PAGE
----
Achieving goals is one of the primary objectives of any business — whether the goal is defined as growing revenue, improving customer service, or increasing productivity. It’s certainly well understood that organizations achieve goals by implementing strategies.
As a recent Harvard Business Review points out, though, it’s far less well understood how often the articulation of strategies become the articulation of goals. Strategies get lost in the process. Since strategies are the stepping stones toward the achievement of goals, their getting lost can derail the achievement of goals.
Don’t Confuse Strategies and Goals
Here’s how this happens. A group sits down to brainstorm strategies. They brainstorm items that would definitely benefit the company and that are good things to embrace: “Be number 1 in quality,” “Increase revenue 15%,” or “optimize return on investment,” for example.
But for a group whose mission was to brainstorm strategy, what they in fact came up with were goals. Fine goals, sure. But a strategy, as the HBR article points out, needs to provide a set of clear choices. That’s one of the elements that makes it a strategy.
A financial services company wanting to increase revenue 15%, for instance, needs to determine how best to do that. Is the answer “pursue high net worth individuals for value-added services?” Then that pursuit, broken down into how the pursuit should take place, is the strategy.
Effectively, the strategy, broken down into component parts, gives managers and employees clear choices in what to pursue.
The example given is the British company Hornby Railways, a maker of model trains. At one point, facing declining profits, the company had to come up with ways of achieving the goal of growing revenue.
The company decided on a set of three strategies: 1) focus on models, not toys; 2) target sales to adult collectors, not children; 3) appeal based on nostalgia. Construction, sales, marketing, finance, and all departments followed these strategies.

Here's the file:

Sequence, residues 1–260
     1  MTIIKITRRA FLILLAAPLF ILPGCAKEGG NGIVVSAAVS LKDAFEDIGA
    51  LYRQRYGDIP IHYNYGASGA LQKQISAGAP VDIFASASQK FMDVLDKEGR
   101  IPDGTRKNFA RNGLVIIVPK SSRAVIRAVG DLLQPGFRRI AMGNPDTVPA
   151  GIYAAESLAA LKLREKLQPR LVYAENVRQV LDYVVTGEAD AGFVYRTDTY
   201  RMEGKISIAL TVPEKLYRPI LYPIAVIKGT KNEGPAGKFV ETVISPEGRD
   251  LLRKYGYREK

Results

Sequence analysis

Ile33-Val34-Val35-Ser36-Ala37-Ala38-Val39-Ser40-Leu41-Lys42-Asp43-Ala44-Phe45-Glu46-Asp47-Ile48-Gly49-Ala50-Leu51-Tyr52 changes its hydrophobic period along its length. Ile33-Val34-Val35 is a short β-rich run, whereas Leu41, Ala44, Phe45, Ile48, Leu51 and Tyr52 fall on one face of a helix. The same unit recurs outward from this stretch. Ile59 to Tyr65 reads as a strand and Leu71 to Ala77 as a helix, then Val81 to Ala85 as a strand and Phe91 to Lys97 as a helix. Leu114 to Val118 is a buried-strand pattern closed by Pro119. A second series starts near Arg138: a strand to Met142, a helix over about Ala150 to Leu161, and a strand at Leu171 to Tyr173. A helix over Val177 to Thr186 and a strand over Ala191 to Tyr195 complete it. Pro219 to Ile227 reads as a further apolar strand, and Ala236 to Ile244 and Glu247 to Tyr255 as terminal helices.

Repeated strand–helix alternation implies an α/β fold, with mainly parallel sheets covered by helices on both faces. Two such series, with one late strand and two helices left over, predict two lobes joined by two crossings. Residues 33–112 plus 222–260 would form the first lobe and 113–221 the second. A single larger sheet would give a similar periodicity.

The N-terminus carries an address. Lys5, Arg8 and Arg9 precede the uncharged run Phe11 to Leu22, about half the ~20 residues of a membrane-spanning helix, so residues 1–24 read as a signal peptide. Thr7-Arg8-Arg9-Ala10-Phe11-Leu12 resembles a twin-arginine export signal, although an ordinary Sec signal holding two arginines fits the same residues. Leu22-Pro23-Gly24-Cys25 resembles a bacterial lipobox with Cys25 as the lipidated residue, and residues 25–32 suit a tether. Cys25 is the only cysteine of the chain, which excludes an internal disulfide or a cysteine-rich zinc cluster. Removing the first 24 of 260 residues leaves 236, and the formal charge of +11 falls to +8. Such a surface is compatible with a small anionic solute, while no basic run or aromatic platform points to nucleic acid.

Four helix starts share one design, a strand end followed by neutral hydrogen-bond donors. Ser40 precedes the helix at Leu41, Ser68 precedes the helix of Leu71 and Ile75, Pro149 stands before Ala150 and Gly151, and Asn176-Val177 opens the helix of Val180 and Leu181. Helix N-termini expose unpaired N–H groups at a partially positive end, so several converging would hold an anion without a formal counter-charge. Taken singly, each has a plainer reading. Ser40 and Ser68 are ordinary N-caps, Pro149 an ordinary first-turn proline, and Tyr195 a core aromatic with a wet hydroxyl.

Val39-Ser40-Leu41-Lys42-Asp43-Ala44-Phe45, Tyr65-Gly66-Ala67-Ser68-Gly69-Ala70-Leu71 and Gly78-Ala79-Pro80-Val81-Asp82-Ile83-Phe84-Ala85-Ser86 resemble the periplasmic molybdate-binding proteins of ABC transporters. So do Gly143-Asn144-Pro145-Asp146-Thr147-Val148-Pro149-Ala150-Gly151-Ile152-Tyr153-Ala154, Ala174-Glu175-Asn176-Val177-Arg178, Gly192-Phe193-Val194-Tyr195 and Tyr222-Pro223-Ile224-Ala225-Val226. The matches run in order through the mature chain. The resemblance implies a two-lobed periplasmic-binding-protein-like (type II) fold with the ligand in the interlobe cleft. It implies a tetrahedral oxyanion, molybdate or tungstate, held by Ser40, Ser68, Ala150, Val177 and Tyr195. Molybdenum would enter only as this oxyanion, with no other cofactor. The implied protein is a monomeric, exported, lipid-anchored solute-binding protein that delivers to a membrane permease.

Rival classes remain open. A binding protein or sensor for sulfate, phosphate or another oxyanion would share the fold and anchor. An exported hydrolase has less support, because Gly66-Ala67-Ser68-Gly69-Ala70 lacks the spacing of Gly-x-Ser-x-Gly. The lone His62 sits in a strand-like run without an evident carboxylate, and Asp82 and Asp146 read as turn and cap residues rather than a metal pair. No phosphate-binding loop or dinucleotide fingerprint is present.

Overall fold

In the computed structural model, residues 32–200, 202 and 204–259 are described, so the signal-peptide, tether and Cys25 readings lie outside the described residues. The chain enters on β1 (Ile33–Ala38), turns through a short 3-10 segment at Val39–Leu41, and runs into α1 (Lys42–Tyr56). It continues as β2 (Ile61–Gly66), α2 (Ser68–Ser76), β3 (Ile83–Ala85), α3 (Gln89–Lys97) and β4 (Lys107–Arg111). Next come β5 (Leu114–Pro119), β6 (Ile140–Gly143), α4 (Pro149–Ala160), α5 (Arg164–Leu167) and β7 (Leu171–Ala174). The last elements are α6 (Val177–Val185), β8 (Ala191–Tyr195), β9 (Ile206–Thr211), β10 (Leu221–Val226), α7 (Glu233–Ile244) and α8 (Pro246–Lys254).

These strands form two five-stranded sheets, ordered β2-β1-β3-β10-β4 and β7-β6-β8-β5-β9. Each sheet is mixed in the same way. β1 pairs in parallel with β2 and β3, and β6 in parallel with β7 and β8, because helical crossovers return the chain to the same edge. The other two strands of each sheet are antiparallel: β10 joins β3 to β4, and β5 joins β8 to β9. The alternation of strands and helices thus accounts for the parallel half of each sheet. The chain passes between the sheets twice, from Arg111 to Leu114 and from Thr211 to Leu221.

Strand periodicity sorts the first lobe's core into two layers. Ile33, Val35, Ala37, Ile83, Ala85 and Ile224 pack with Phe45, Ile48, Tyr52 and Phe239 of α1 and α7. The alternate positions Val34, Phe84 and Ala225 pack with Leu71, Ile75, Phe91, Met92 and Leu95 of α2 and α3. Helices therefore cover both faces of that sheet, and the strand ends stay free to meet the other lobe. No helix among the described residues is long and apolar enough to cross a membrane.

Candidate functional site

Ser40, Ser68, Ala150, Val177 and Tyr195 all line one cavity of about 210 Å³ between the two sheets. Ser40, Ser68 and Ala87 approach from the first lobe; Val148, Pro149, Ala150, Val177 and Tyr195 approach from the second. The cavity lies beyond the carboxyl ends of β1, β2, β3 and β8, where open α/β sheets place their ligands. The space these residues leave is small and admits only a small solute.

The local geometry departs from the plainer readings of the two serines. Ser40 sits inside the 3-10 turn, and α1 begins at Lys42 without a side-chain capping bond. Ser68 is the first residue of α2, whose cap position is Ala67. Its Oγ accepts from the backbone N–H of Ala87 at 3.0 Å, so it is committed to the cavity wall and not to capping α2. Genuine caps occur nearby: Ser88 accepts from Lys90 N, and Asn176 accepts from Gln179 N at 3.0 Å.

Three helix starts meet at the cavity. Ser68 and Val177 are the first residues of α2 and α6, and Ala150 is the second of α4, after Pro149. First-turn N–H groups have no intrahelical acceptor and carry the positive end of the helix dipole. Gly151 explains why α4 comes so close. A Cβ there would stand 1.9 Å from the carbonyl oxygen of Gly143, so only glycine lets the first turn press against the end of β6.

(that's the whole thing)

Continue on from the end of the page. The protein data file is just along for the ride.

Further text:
Good focus on goals has to be maintained to achieve them.
How Do You Develop Good Goals and Strategies?
How do managers ensure that they don’t fall into the trap of brainstorming goals when they intend to brainstorm strategies? A 2014 Harvard Business Review article points out that strategies need to follow from an identification of which stakeholders the company needs for the success of its goals.
If the goal is to increase profit, for example, you need to identify which stakeholders are the most important. Customers? Suppliers? Shareholders? For this particular goal, it’s likely that the customer is most important. But it could also be suppliers. If an organization has high-cost suppliers, negotiating a lower set of costs, or developing a lower cost supplier network, could be among the strategies in achieving more profit.
After you’ve determined the most important stakeholder(s) to a goal, the next step is to define what those stakeholders most want from the organization that would make them buy into the goal. Customers, for example, may want a different type of product, a newer version, or a more convenient delivery system. Suppliers may want a guarantee of orders in exchange for a lower cost structure.
Once the stakeholder’s needs have been defined, then specific strategies can be developed to meet what they need, in furtherance of the goals.
Managers need to be sure that the strategies they develop, such as increasing revenue or optimizing ROI, are not in fact goals. Strategies are specific choices and steps an organization takes toward achievement of goals and should be developed after defining the most important stakeholders and what they need from the organization.